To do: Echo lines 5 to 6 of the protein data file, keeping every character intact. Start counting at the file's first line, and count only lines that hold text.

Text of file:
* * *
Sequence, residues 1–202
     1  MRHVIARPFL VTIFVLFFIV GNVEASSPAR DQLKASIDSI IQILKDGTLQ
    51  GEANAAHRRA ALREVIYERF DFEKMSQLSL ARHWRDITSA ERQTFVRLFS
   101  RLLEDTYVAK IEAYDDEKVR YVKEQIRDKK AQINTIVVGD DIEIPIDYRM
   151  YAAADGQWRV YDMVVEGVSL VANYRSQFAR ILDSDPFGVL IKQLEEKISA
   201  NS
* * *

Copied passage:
   151  YAAADGQWRV YDMVVEGVSL VANYRSQFAR ILDSDPFGVL IKQLEEKISA
   201  NS